Libby to Prison: Will Sentence Send a Message?

I. Lewis "Scooter" Libby, Vice President Dick Cheney's former chief of staff, now faces hard time in prison.

The 30-month prison sentence came following a dramatic hearing where Libby's wife was often seen wiping away tears.

Prosecutors and defense attorneys wrestled over whether Libby should serve prison time for lying to a grand jury that was investigating the leak of the identity of once-covert CIA operative Valerie Plame.

Prosecutor Patrick Fitzgerald argued, "The sentence needs to make clear that the truth matters and that one's station in life doesn't matter."

He said Libby had "shown absolutely no contrition."

"I think Fitzgerald wanted to make clear that if Scooter Libby got a light sentence in this case, it would send the wrong message to anyone else who was asked to testify truthfully before a grand jury investigation," said former federal prosecutor Michael Levy.

In a brief statement to Judge Reggie Walton, Libby admitted no wrongdoing, only asking that the court "consider my whole life."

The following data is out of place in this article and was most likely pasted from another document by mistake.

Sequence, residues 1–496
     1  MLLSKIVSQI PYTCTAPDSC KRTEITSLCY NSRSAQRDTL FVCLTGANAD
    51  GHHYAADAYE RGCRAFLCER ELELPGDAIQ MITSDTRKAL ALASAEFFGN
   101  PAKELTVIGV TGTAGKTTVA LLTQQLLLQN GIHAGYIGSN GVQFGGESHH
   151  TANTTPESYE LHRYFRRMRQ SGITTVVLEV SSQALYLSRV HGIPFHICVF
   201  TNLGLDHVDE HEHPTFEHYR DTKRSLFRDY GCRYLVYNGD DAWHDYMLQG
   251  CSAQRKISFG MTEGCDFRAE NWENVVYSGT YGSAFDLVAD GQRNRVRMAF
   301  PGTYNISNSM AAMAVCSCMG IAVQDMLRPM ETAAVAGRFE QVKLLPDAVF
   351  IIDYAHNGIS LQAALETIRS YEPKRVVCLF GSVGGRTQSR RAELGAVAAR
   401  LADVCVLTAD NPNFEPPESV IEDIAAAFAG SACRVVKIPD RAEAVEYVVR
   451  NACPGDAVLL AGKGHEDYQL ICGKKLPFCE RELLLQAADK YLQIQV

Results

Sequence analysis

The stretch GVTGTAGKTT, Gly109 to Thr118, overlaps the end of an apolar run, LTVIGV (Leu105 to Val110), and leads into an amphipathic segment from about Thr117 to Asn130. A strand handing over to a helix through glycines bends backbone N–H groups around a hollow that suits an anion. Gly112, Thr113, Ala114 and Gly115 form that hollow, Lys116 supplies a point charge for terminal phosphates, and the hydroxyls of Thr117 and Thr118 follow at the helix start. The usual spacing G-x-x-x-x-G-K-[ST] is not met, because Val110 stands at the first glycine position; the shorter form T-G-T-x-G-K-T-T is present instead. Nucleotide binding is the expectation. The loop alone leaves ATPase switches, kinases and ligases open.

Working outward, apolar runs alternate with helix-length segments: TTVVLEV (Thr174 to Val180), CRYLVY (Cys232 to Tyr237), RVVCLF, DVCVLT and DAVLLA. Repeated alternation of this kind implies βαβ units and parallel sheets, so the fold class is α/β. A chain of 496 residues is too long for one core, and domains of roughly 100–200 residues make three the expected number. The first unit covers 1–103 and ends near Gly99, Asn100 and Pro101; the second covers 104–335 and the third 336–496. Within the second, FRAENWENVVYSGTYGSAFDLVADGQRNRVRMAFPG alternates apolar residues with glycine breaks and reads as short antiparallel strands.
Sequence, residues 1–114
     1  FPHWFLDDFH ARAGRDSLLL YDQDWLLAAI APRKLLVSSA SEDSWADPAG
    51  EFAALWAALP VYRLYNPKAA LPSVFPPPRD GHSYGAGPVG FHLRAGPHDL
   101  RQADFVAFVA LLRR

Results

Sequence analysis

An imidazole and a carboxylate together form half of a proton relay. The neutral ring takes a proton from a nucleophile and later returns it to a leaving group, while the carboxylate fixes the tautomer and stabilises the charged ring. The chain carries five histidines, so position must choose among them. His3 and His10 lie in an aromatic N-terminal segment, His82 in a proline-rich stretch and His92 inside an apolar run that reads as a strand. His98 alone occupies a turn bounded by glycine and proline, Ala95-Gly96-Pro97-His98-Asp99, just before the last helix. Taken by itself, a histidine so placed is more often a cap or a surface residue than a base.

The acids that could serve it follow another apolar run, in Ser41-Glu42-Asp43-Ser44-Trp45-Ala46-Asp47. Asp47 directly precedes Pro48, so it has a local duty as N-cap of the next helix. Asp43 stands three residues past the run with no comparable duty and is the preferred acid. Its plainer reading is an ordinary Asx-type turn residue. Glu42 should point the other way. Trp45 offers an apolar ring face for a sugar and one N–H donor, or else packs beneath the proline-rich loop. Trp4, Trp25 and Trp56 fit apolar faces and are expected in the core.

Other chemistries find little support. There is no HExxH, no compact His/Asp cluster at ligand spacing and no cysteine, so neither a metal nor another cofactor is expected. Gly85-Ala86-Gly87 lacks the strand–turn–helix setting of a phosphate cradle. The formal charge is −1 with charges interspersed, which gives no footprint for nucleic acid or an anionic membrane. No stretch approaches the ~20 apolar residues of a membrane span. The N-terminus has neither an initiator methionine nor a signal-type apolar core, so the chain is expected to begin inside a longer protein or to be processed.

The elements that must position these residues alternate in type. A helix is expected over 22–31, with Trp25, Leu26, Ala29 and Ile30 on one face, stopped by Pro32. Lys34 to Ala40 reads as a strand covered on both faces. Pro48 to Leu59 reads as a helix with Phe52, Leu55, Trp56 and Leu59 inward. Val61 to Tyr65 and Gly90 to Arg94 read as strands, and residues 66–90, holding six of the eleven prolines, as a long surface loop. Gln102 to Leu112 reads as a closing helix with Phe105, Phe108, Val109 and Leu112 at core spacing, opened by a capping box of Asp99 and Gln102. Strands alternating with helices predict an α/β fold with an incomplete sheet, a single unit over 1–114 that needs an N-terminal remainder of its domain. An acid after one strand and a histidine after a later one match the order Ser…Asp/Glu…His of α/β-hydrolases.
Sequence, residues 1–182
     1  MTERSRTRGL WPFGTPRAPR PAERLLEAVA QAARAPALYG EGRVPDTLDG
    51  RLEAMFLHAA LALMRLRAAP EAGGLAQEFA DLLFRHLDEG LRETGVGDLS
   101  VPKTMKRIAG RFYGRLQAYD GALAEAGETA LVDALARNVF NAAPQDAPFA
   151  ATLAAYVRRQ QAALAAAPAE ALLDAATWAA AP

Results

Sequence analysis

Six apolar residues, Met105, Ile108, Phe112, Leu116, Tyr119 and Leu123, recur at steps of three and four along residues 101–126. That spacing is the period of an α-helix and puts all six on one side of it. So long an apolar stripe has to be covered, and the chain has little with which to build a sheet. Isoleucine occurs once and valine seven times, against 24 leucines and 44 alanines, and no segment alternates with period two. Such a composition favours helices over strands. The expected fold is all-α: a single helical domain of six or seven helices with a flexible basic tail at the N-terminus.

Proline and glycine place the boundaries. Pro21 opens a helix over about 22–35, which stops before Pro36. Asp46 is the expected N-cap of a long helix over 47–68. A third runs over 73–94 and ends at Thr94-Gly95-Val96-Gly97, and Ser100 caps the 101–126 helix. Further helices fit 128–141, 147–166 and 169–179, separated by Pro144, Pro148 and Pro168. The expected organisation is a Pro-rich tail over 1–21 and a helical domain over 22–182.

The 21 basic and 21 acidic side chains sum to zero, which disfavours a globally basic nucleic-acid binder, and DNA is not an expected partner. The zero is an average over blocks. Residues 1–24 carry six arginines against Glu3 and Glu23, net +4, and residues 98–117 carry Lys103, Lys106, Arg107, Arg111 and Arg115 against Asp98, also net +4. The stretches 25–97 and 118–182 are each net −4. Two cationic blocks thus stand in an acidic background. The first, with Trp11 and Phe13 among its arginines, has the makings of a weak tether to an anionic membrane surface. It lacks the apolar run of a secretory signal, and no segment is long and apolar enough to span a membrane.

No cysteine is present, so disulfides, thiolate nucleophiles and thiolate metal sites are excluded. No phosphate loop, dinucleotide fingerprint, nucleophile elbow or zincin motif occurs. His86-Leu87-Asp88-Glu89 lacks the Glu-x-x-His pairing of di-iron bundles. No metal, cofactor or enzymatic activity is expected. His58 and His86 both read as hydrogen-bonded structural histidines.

The defense also submitted letters of support from former Secretary of Defense Donald Rumsfeld and World Bank head Paul Wolfowitz, and Henry Kissinger, the secretary of state during the Nixon and Ford administrations, all touting Libby's time serving his country.

Libby's attorney, Ted Wells, pleaded for leniency, pointing to his client's government service and to the "public humiliation" of "overwhelmingly negative press coverage.

"He has fallen from public grace," Wells said. "It's a tragic fall. A tragic fall."

And Wells suggested Libby had been made a scapegoat for a highly unpopular war in Iraq.

"Mr. Libby was the poster child for all that has gone wrong with this troubled war," he stated.

Levy noted that Wells' approach of trying to drum up sympathy for Libby — contending that he had already suffered enough — could set him apart from other defendants "so the judge ought to take those collateral consequences into effect in deciding what additional punishment is necessary within the justice system."

But Walton was not persuaded. He acknowledged Libby's lengthy government service but said there was overwhelming evidence that Libby had lied. For that, Walton said, "there are consequences."

Cheney and President Bush expressed sadness for Libby and his family after the sentence came down.

Given the lengthy sentence, Bush now faces a difficult choice.

"If Scooter Libby is sitting in jail while that legal process plays out, it may put quite a bit of pressure on the president to make a decision about the pardon much sooner than he might like," Levy said.

Libby could be in jail within 60 days.